Evolution of human organismal complexity from a relatively small number of genes1,2—only approximately twice that of worm or fly—is explained mainly by mechanisms generating multiple proteins from a single gene, the most prevalent of which is alternative pre-messenger-RNA splicing1,3,4. Appropriate spatial and temporal generation of splice variants demands that alternative splicing be subject to extensive regulation, similar to transcriptional control. Activation by extracellular cues of several cellular signalling pathways can indeed regulate alternative splicing5,6,7,8. Here we address the link between signal transduction and splice regulation. We show that the nuclear RNA-binding protein Sam68 is a new extracellular signal-regulated kinase (ERK) target. It binds exonic splice-regulatory elements of an alternatively spliced exon that is physiologically regulated by the Ras signalling pathway, namely exon v5 of CD44. Forced expression of Sam68 enhanced ERK-mediated inclusion of the v5-exon sequence in mRNA. This enhancement was impaired by mutation of ERK-phosphorylation sites in Sam68, whereas ERK phosphorylation of Sam68 stimulated splicing of the v5 exon in vitro. Finally, Ras-pathway-induced alternative splicing of the endogenous CD44-v5 exon was abolished by suppression of Sam68 expression. Our data define Sam68 as a prototype regulator of alternative splicing whose function depends on protein modification in response to extracellular cues.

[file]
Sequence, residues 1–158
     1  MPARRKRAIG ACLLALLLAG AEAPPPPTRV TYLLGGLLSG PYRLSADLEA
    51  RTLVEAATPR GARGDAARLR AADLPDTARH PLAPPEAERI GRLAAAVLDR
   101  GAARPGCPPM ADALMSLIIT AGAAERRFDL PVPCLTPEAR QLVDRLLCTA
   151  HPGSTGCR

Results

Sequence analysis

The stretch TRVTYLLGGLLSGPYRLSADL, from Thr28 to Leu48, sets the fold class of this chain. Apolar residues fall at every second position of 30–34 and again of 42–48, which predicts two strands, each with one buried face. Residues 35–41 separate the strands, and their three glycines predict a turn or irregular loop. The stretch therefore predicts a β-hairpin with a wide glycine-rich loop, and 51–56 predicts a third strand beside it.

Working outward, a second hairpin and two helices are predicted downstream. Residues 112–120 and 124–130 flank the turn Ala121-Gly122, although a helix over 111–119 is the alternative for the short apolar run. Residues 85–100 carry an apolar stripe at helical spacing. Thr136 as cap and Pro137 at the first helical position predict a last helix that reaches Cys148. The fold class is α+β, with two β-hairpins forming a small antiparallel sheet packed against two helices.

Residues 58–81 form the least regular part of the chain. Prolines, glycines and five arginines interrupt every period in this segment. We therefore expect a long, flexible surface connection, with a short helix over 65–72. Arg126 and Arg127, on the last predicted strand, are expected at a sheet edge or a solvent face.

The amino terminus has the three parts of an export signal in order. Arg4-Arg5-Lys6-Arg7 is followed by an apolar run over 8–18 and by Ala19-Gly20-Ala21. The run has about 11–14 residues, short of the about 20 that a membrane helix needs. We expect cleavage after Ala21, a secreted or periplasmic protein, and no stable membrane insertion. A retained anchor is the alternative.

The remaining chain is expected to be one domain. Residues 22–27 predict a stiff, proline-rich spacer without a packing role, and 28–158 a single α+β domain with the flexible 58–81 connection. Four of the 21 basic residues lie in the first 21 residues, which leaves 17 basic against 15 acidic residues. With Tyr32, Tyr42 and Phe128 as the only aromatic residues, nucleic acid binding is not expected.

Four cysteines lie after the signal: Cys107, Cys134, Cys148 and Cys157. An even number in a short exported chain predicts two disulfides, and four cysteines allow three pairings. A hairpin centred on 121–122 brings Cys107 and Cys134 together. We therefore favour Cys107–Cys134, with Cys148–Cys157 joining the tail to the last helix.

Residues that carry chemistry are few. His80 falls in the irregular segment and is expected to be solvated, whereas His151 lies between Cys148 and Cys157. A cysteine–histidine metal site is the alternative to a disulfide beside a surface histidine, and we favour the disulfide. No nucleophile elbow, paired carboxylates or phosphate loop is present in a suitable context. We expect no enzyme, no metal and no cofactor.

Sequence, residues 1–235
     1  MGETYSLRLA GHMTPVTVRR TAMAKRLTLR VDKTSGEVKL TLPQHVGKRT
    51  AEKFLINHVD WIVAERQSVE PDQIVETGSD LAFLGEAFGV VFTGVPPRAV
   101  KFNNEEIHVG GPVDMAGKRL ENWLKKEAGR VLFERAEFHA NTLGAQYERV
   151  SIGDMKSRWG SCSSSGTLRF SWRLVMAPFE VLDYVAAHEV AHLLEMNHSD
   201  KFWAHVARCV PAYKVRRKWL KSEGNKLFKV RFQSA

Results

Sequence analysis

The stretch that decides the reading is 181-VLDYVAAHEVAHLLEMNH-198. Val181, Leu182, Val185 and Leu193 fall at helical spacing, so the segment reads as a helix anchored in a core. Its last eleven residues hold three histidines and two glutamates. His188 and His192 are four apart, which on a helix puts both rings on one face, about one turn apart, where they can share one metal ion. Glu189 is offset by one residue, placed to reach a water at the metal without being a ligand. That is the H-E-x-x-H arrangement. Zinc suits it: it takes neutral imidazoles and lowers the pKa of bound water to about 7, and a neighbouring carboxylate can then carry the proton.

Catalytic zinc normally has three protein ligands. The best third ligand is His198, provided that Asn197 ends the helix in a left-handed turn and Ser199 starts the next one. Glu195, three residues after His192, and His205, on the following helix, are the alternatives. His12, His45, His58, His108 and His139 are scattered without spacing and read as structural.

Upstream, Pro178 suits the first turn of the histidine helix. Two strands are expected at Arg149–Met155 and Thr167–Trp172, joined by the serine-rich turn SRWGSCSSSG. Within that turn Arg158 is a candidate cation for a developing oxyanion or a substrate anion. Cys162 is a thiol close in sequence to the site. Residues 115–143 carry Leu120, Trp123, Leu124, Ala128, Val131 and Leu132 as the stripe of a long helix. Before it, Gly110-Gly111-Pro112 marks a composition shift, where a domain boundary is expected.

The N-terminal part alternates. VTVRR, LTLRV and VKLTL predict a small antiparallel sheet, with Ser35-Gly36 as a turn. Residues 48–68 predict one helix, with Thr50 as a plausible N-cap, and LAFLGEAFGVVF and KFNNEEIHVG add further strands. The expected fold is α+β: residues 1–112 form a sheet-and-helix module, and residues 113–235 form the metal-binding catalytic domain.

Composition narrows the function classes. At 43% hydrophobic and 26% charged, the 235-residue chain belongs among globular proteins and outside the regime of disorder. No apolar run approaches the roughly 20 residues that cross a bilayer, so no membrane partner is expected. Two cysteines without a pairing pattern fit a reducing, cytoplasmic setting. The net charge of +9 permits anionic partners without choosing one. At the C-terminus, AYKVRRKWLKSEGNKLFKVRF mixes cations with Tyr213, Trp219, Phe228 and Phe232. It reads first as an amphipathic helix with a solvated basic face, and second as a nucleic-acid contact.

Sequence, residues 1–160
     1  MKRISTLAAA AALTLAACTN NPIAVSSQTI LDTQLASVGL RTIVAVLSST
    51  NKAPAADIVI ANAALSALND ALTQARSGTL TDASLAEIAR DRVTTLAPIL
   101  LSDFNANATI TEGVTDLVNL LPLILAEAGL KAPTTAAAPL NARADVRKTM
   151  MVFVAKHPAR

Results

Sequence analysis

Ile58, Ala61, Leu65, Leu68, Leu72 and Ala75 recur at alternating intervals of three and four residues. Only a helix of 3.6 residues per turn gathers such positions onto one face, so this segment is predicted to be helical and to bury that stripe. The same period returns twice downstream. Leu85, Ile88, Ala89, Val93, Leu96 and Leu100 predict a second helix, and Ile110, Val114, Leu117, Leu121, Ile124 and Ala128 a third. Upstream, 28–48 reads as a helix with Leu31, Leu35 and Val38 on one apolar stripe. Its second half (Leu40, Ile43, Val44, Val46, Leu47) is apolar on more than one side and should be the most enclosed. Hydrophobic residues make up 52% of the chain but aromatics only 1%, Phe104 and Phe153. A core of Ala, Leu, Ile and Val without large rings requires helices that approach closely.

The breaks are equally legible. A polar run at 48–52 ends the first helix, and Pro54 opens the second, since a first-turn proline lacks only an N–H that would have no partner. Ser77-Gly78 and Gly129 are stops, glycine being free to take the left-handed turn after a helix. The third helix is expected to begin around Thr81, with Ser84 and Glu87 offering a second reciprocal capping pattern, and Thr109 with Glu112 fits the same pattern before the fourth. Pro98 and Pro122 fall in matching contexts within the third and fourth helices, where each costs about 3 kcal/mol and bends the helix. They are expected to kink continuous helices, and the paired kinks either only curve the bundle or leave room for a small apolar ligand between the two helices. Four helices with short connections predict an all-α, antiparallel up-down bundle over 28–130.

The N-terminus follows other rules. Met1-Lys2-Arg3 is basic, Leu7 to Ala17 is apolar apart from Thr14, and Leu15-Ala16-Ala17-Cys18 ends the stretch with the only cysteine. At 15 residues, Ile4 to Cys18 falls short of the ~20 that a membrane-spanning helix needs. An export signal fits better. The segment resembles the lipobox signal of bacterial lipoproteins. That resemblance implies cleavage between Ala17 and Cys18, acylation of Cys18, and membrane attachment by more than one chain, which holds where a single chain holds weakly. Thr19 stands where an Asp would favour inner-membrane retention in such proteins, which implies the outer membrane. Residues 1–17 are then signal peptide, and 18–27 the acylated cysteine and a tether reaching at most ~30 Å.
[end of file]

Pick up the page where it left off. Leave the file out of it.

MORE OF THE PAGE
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We thank S. Stamm and O. Stoss for discussions and the gift of antibodies against SLM-2 and Sam68; S. Richard for the murine myc-Sam68 expression construct; S. Weg-Remers for luciferase plasmids; J. Sleeman and G. Dreyfuss for antibodies (2D5 and 4B10, respectively); U. Rahmsdorf and H. Olinger for technical assistance; and J. Valcárcel and I. Mattaj for advice on in vitro splicing and mRNA transport, respectively. This work was supported by the Deutsche Forschungsgemeinschaft.
The authors declare that they have no competing financial interests.
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